The Taliban said on Wednesday that their “doors are open” in case US President Donald Trump wants to resume peace talks in the future, hours after two attacks claimed by the terror group that killed 48 people in Afghanistan.
Last week, peace talks between Washington and the Taliban to reach a deal on the withdrawal of thousands of American troops collapsed after President Donald Trump cited an attack that killed a US soldier as his reason for pulling out of negotiations. The talks did not include the Afghan government.
Earlier this month, the two sides had appeared close to a deal to end the 18-year conflict.
Late on Tuesday, US Secretary of State Mike Pompeo issued a statement condemning recent Taliban attacks, saying the group “must begin to demonstrate a genuine commitment to peace”.
Following the bombings, US Secretary of State Mike Pompeo issued a statement saying the group “must begin to demonstrate a genuine commitment to peace”.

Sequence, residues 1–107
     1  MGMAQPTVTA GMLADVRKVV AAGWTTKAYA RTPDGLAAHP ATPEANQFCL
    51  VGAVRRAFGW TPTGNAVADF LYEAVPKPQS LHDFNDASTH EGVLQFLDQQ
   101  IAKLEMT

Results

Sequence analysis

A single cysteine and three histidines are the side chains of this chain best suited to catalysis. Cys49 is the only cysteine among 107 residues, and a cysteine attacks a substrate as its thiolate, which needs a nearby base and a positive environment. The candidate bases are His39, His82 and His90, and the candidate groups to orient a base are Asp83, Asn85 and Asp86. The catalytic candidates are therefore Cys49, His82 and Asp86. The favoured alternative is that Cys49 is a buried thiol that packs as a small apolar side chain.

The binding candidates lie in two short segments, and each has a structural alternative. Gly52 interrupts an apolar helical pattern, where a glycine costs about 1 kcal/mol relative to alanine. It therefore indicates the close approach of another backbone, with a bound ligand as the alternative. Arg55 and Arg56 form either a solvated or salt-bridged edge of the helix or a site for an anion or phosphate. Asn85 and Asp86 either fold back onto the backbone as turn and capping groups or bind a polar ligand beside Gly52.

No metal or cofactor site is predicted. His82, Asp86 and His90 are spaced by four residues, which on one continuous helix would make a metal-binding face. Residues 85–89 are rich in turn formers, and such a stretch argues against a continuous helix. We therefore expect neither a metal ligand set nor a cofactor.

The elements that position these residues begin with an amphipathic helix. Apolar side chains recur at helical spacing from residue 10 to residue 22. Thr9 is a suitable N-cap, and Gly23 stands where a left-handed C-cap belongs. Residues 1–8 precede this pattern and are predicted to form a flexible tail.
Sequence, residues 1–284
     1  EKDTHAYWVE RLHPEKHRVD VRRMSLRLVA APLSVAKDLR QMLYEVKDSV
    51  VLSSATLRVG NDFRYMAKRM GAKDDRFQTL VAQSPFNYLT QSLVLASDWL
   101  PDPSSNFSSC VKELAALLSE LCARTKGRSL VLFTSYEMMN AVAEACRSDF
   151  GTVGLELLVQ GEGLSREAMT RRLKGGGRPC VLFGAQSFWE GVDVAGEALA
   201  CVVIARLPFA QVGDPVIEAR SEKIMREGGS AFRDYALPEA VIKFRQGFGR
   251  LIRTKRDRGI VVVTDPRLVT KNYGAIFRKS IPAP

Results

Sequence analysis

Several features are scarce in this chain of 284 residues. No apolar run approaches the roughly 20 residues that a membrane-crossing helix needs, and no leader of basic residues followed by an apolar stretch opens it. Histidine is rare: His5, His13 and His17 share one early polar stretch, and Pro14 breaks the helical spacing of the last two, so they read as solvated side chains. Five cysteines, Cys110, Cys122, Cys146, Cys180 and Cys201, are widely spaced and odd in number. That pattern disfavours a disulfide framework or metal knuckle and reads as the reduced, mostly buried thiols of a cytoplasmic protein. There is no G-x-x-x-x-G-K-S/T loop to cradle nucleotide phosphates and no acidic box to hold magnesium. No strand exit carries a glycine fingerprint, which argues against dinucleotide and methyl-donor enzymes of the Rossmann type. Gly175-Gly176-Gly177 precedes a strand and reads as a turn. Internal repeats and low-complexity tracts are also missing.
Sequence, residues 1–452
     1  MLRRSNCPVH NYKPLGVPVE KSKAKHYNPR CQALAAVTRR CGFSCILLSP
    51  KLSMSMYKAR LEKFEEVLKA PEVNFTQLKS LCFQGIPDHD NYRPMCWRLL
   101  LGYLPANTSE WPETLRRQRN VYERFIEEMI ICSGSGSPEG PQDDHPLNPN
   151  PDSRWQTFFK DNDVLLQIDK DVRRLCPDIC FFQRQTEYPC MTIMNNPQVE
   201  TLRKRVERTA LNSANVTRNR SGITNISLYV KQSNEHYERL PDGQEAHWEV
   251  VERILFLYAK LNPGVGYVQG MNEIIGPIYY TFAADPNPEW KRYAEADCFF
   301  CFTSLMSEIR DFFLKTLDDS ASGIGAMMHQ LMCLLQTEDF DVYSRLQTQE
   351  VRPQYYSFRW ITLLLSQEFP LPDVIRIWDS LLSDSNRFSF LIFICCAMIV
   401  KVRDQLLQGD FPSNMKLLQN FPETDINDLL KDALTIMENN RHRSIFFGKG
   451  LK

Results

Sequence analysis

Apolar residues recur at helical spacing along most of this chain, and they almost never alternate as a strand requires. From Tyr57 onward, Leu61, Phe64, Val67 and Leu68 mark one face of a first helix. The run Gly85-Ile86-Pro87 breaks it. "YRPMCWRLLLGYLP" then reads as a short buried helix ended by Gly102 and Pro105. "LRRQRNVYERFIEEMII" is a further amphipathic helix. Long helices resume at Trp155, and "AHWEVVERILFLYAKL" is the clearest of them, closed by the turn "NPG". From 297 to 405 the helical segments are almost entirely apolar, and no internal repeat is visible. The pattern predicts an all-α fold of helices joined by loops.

The Taliban — who are now in control of more territory in Afghanistan than at any point since US-led forces ousted them in 2001 — do not recognize the legitimacy of Ghani’s administration. They have refused to hold direct talks with the Afghan government until a US deal is agreed.
Stanikzai said intra-Afghan talks would have started on September 23, had a deal been reached, and would have included discussions about a wider ceasefire.
He also confirmed that the Taliban had approached both Russia and China for help in the peace negotiations.
Meanwhile, Afghan National Security Adviser Hamdullah Mohibt said that Taliban “intimidation tactics” would not succeed. “The only way they can see peace in Afghanistan is by negotiating with the Afghan government.
“Open discussions with our neighbours, those who are sponsoring and supporting the Taliban – that needs to be at the front of our discussions, not the back of it,” he added.
(With Agencies inputs)